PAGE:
Editor’s Note: In this report Mike Shedlock references an acknowledgment by the state of Illinois that their best current estimate of the underfunding of their state employee retirement obligations is $137 billion. That’s just the underfunded portion, not the amount of the entire liability. But what is even more staggering is the fact that Illinois has 106,000 full time state workers, but the local governments in Illinois employ an additional 455,000 workers. It is unlikely the retirement health and pension obligations for these workers are underfunded by an amount that would not be roughly proportional, meaning Illinois taxpayers may actually be on the hook for not an additional $137 billion, but over $600 billion. That’s using the state’s own numbers – based on what projected rate of return for their pension funds, 7.5%? How much higher will this liability climb if rates of return were to fall to “risk-free” levels? And why is it that government workers don’t just get social security and medicare like the taxpayers who support them?

Illinois has combined $137 billion in pension and healthcare liabilities on top of $9 billion in current unpaid bills. Yet, Illinois legislators will not even ask 6-figure pensioners to pick up a portion of their health premiums.

The Chicago Tribune reports Surprise! You owe another $54 billion

If Springfield won’t ask six-figure pension beneficiaries to pick up a portion of their health premiums, what are the odds that state legislators will confront their pension monster?

The state of Illinois admits to $83 billion in pension underfunding, a staggering weight on today’s and tomorrow’s taxpayers. Add to that the as yet uncalculated billions in unfunded pension obligations for city, county and other local governments.

A second, often overlooked time bomb merrily ticking for governments nationwide is the cost of health insurance for all those retirees. That number, too, is hard to gauge, because health care costs — like future investment returns — are unknowable. Yet governments typically don’t put aside money for future health care, as they do for future pensions. The culture is to pay-as-you-go.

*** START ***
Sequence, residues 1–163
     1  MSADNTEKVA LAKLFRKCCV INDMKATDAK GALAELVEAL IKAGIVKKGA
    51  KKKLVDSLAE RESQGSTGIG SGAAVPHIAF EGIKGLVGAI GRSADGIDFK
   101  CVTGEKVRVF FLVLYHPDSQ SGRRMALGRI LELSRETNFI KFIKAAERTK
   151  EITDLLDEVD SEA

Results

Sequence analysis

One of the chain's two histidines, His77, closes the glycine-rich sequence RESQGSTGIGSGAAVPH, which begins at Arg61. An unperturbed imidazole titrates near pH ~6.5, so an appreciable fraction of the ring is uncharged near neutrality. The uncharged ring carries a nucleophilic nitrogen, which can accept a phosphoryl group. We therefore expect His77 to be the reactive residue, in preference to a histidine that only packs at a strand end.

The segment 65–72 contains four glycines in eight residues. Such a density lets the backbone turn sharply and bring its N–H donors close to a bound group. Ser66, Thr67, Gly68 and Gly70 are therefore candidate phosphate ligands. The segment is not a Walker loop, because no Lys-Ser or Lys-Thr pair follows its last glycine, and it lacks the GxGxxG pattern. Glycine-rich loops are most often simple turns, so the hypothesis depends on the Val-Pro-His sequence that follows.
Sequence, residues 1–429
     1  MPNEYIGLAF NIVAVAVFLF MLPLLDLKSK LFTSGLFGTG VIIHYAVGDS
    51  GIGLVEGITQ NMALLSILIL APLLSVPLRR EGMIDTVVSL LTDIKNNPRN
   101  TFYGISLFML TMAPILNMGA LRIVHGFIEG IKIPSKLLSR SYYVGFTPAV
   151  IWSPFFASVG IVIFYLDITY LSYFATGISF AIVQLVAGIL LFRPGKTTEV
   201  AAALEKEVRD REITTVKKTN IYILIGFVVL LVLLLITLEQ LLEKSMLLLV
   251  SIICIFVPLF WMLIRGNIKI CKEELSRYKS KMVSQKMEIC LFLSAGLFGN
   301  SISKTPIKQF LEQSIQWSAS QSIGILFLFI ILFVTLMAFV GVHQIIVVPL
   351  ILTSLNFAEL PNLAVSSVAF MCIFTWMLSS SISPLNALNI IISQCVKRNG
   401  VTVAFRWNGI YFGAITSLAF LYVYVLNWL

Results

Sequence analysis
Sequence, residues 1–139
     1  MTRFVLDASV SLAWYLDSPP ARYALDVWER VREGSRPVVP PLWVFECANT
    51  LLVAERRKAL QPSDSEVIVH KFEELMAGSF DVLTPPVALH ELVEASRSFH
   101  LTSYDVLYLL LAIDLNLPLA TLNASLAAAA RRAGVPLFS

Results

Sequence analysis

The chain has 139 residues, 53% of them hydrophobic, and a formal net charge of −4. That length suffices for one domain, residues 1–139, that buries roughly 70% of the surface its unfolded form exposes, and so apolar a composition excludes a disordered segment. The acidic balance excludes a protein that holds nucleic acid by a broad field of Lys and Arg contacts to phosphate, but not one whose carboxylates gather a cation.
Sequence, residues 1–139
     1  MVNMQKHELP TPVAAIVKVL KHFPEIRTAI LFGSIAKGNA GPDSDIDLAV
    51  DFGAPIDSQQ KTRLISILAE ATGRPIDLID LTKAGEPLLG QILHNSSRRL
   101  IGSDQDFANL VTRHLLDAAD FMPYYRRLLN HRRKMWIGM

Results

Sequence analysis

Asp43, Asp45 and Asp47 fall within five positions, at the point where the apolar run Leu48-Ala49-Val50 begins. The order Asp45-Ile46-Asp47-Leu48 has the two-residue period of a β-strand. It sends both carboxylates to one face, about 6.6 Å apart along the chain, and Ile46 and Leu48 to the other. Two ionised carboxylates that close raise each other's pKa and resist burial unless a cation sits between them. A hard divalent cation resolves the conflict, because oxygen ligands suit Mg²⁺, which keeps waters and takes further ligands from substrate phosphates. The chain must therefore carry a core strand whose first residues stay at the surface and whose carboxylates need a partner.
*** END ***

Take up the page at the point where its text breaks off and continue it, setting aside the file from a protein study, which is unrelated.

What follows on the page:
In Illinois, that means pay-as-you-go-even-more-broke. The Illinois Policy Institute, a right-leaning think tank, now is releasing 133 pages of frightening data. Beyond that $83 billion in unfunded pensions, state government alone faces an unfunded liability of more than $54 billion in retiree health liabilities over the next 30 years.

During the 2011 deliberations, two groups helped block retiree health reform: lawmakers of both parties who have state institutions (and thus state retirees) in their districts, and well-paid lobbyists whose prior careers in government entitle them to, yes, fat public pensions. If that happens this year, we want to read names.

By the last of the IPI’s 133 pages, we conjured one question, then a follow-up:

How could Illinois pols do this to taxpayers?

And come November, will voters finally exact some consequences?

Who is to blame for this mess?

  1. Public unions
  2. Politicians in bed with public unions
  3. Voters who vote for politicians who are in bed with public unions

About the author: Mike “Mish” Shedlock is a registered investment advisor representative for Sitka Pacific Capital Management. His top-rated global economics blog Mish’s Global Economic Trend Analysis offers insightful commentary every day of the week. He is also a contributing “professor” on Minyanville, a community site focused on economic and financial education. Every Thursday he does a podcast on HoweStreet and on an ad hoc basis he contributes to many other websites, including UnionWatch.

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